Oath won a Shorty Social Good Award for its landmark partnership with the National Disability Leadership Alliance and Getty Images to change the representation of disability in the media.
When we’re not busy working to make our products and media accessible, we’re advancing accessibility in our industry and giving back to the community. Our team sits on advisory councils and contributes to public policy initiatives. We support global advocacy with W3C WCAG and the FCC Disability Advisory Council, and have even founded non-profit organizations such TeachAccess.org.
One way we work to build an future accessible for everyone is by changing the way accessibility is taught in higher education. That’s why we co-founded Teach Access, a non-profit organization that brings together leading tech companies and academic institutions to work on how to best teach accessibility principles. We provide faculty bootcamps, guest lectures, internships, challenge grants for research, and curriculum development and industry partnerships. We also contribute to open source online learning tools that reflect and teach accessibility best practices.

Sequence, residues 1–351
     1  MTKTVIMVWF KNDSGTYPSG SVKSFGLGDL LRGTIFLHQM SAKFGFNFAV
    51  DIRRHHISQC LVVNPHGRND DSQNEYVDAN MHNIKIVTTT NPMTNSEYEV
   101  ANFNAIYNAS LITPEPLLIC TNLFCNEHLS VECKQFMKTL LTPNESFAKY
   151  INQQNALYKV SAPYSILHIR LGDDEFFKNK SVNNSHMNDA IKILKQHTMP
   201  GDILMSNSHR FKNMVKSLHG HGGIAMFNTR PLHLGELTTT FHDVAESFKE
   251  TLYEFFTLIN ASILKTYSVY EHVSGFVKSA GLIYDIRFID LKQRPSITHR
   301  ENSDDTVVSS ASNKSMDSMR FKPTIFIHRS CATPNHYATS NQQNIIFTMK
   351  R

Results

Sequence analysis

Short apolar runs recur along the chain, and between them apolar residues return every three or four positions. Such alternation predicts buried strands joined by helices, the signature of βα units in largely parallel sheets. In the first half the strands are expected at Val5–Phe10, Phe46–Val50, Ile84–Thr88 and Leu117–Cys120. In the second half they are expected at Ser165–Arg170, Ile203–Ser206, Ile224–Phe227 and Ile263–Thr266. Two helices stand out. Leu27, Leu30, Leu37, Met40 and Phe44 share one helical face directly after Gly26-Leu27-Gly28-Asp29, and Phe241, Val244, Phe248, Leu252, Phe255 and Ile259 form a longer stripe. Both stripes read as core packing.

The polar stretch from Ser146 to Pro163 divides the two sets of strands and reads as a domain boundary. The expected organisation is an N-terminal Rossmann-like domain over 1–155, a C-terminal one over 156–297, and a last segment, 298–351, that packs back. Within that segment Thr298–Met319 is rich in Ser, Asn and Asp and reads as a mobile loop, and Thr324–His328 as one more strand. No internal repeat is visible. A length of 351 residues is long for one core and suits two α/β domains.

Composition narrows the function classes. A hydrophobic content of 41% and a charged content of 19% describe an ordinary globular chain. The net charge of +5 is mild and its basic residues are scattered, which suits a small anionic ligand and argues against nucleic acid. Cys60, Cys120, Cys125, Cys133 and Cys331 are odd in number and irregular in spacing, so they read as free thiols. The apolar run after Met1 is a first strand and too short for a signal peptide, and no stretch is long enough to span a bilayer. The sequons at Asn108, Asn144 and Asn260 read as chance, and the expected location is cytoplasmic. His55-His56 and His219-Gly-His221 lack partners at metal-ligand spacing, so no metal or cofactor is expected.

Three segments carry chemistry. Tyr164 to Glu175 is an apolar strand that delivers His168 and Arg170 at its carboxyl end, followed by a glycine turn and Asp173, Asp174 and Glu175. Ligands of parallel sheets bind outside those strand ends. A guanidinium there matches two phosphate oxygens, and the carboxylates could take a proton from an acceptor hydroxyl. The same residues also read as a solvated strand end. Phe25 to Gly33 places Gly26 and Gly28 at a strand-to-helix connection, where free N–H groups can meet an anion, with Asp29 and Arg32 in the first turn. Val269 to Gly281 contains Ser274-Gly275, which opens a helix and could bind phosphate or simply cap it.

Oath CEO Tim Armstrong and Tamika Catchings in the Oath Accessibility Lab.
The Disability Collection
As a global media company committed to inclusion, we set out to change the way people with disabilities are portrayed in the media. Through a partnership with the National Disability Leadership Alliance and Getty Images we are creating a dignified and diverse collection of images to be used around the world.
Three young people reclining on a daybed, sharing their smartphones.
Creating a world that embraces inclusion starts with our own culture. That’s why our team works to make our workplace accessible for everyone through education, experiences, and connection with the Oath community.